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Has Santorum Peaked Too Soon?

In a Republican presidential race in which no candidate has ever been able to hold onto a lead for more than a couple of weeks, it has been difficult to tell whether Rick Santorum’s recent surge would last until next week’s crucial Michigan primary. Santorum’s star has been rising ever since he swept the February 7 trifecta in Colorado, Minnesota and Missouri. But after a few days in which his hard line stands on social issues started to become the focus of mainstream media attention, what happens in the next week will tell us a lot about whether the Pennsylvanian has what it takes to become his party’s presidential nominee. The first indication that the Santorum tide may be ebbing a bit came yesterday with a Public Policy Polling survey that shows his lead in Michigan might be slipping.

PPP’s previous Michigan poll was an outlier in that it gave Santorum a 15-point lead in Romney’s birthplace, far more than others taken in the state (though all had Santorum ahead in the race). So Romney’s camp may take heart from the Democratic-leaning firm’s latest effort that shows him down by only a 37 to 33 percentage-point margin. Though PPP’s breakdown of the numbers doesn’t seem to show much leakage for Santorum because of the abuse he’s been taking about his views on religion and sex, Romney’s intensive campaigning in Michigan seems to have improved his numbers there. The question for Santorum is whether he can maintain his momentum now that he, rather than his opponent, is in the glare of the spotlight.

The good news for Santorum is his net favorability numbers in Michigan have remained positive despite the increasingly negative attention his views on contraception and other social issues are starting to get. He’s still viewed positively by 67 percent of Republicans and negatively by only 23 percent. The difference between this week’s poll and last week’s is that for some reason Romney’s favorability has gone up by 10 points in that time. That’s a vital statistic for Romney. Up until now, it has been assumed the only way for him to do well was by trashing the reputations of other candidates as he did with Newt Gingrich in Iowa and Florida.

Romney has a huge lead over Santorum in money, a better organization and a truly national campaign that can be competitive across the country. But up until the recent spate of stories that have sought to portray Santorum as a rabid social conservative, Romney had seemed to be about to go into a free fall. Indeed, the latest Gallup tracking poll shows him trailing the former senator by a 36-28 point margin nationally.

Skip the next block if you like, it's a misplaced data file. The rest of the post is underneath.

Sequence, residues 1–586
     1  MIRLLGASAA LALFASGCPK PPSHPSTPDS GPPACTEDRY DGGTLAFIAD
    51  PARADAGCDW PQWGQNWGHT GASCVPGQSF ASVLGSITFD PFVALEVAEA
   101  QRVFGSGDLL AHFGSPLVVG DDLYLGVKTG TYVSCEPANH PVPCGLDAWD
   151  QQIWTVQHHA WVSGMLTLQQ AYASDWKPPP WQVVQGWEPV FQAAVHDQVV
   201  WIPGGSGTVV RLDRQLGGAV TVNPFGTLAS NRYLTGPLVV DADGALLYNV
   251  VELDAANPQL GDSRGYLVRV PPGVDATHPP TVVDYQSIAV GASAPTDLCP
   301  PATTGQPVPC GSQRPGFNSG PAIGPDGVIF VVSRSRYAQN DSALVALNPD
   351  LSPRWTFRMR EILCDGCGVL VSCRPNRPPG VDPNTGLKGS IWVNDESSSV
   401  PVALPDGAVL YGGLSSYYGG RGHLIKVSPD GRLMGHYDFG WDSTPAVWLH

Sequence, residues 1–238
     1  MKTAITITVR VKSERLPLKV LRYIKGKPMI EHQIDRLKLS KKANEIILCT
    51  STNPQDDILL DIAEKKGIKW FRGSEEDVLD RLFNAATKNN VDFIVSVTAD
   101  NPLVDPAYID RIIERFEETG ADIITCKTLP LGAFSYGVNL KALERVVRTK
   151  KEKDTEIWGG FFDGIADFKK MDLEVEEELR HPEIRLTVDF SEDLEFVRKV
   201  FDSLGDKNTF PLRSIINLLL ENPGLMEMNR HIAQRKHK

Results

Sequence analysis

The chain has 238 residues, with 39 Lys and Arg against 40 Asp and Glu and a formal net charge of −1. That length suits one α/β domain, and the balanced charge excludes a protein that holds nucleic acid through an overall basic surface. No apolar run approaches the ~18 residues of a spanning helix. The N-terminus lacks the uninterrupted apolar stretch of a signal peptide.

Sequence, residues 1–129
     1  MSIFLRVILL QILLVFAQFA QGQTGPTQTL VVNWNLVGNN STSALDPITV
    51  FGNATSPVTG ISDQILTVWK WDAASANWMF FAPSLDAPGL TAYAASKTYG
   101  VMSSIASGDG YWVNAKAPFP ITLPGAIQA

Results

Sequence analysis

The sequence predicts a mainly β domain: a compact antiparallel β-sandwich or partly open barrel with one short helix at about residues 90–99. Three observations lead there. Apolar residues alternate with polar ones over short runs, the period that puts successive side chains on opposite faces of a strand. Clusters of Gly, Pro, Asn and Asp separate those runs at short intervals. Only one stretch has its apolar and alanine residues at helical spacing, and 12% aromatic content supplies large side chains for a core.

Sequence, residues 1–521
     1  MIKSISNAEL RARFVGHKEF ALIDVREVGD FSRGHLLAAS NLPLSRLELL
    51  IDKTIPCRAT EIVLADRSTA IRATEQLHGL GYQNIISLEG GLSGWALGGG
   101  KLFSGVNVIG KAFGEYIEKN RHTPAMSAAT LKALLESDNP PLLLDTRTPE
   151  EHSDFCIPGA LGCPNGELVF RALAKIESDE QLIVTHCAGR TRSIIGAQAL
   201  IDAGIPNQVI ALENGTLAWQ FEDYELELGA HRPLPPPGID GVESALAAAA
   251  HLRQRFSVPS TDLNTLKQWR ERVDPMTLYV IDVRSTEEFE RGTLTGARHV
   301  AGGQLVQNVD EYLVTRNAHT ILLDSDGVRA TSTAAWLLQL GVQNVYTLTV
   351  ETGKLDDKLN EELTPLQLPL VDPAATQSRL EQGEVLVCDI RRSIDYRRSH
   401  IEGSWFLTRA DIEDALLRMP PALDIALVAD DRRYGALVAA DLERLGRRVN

But Romney has two key factors in his favor in the upcoming week.

One is the sheer volatility of the GOP race. Republicans have changed their minds more in the last nine months than anyone could have thought possible. Frontrunners have come and one with a shocking rapidity that should have taught political pundits to be wary of assuming that just because one candidate is up now that he will still be in the driver’s seat a week later. Santorum’s surge has been the result of dazzling timing that capitalized on his personal life (his daughter’s illness that generated sympathy for the candidate and shown a light on his image as a family man), the way Romney and Newt Gingrich eviscerated each other in dueling negative ad campaigns and President Obama’s attack on the Catholic Church that concentrated GOP minds on social issues. But a week can be a lifetime in politics. If the focus on abortion, gay rights and contraception helped Santorum in one sense, it is his Achilles’ heel in another as the media’s demonization of him can serve to remind Republicans that he will be brutalized by the left on these issues in a general election.

The other factor that gives Romney hope he can turn his current difficulties around is Newt Gingrich’s persistence. Gingrich may be motivated in large measure by his hatred of Romney as much as by his own ambition. But by hanging around even after it has become clear Gingrich is an afterthought in the race (he has fallen far behind and PPP has him in dead last trailing Ron Paul for third place by 5 percentage points for third place), the former speaker may prevent Santorum from sweeping the upcoming primaries. Romney’s success so far has been based on a divided conservative field, and so long as Gingrich stays in even at a diminished level, he makes it much more difficult for Santorum to win.

If the other Michigan polls in the next few days show a similar swing back to Romney, it may be a sign Santorum has peaked a bit too soon. The former Massachusetts governor may well weather the most difficult challenge to his candidacy yet.



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